From its inception, PCF has focused heavily on investing in human capital, particularly in the form of young scientists with innovative approaches and tenacity. Our support of 125 young investigators around the world since 2008 underscores this commitment.
One of the biggest challenges in diagnosing and treating the more than 27 known varieties of prostate cancer is discerning between the most aggressive forms of this cancer, varieties that represent intermediate levels of aggressiveness, and those that are indolent, or non-life-threatening. The ability to distinguish between these would greatly reduce overtreatment, sparing men from the side effects of treatment, and enable us to deliver personalized treatments that are best suited to a specific genotype or variety.
Two of PCF’s newest Young Investigators, the first ever in Ireland, are working on this very problem at Trinity College in Dublin.
Antoinette Perry, PhD, at Trinity College’s Institute of Molecular Medicine—using an award sponsored by The Handler Family Fund—is working to address the critical, unmet need of identifying aggressive tumors at an early stage while they are potentially curable and distinguishing them from indolent, low-grade tumors which can be treated with proactive surveillance to avoid overtreatment of clinically insignificant disease. To this aim, Dr. Perry is studying the chemical modifications to DNA’s outer shell, known as epigenetics.
Prostate cancer is driven by several epigenetic alterations and genetic abnormalities. Epigenetic alterations can be detected non-invasively with high sensitivity in peripheral blood and urine. Therefore, detecting prostate cancer-specific epigenetic alterations holds potential for both improved prostate cancer diagnostics and patient risk stratification. Dr. Perry is developing new blood and urine biomarkers for the non-invasive detection of aggressive prostate cancer. Dr. Perry’s goal of identifying epigenetic patterns of DNA alterations that are specifically associated with aggressive prostate cancers holds promise for alleviating the burden of overtreatment for indolent disease.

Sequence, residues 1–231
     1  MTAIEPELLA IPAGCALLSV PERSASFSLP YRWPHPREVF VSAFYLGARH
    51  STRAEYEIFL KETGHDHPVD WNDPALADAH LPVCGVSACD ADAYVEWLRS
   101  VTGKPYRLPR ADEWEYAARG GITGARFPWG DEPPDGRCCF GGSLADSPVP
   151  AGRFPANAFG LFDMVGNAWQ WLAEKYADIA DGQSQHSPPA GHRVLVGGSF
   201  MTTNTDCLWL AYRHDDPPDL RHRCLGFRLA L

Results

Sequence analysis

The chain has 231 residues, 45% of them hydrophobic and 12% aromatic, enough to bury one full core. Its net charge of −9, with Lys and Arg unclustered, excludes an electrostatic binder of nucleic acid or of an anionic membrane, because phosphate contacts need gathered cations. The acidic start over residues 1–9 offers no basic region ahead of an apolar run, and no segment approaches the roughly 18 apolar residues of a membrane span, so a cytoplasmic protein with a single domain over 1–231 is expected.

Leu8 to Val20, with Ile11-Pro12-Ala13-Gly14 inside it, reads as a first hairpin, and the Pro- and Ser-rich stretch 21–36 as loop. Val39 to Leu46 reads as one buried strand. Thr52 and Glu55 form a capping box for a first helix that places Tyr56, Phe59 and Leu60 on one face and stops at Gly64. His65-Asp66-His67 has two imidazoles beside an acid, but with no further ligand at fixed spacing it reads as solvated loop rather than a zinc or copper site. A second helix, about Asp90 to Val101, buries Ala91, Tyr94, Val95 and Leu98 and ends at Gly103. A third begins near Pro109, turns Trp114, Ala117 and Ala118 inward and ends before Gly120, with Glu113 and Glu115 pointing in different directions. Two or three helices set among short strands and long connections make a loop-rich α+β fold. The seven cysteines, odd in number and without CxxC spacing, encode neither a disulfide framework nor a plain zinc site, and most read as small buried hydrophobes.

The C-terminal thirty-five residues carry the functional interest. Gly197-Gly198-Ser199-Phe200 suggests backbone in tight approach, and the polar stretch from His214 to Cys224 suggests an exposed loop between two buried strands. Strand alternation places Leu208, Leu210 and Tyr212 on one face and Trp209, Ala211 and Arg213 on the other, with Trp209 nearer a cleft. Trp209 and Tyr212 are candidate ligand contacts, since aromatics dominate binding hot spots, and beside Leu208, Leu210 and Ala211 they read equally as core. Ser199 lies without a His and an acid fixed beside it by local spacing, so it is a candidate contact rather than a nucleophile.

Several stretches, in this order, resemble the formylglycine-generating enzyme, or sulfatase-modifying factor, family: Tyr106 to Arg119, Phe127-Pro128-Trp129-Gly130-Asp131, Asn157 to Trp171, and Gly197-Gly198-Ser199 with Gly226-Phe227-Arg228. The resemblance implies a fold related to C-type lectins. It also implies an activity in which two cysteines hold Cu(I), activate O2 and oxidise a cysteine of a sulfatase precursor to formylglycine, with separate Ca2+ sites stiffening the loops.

Another PCF Young Investigator at Trinity College’s Institute of Molecular Medicine is Stephen Finn, MBBS, PhD, sponsored by PCF donor Steve Wynn. Genetic information flows outward from our genes on DNA as follows: gene (DNA) to RNA to protein. This sequence of genetic transcription is known as the Central Dogma. RNAs, the products of DNA, either give rise to proteins called coding RNAs or non-coding RNAs. Despite their name, non-coding RNAs (ncRNAs) are functional molecules that perform specialized roles in the cell, such as regulation of gene expression. Recent reports have provided evidence for the role of small, non-coding RNAs in the development and progression of prostate cancer.
Dr. Finn proposes to identify those non-coding RNAs that are associated with aggressive prostate cancer as defined by failure to respond to Androgen Deprivation Therapy (ADT), disease-specific mortality and other factors. His research will identify the role of non-coding RNAs in aggressive prostate cancer and correlate these to prostate cancer-specific outcomes, laying the groundwork for the design of new therapeutics that will target specific non-coding RNAs.
These studies may provide reliable biomarkers of aggressiveness which can help in patient stratification for treatment and more efficient disease monitoring.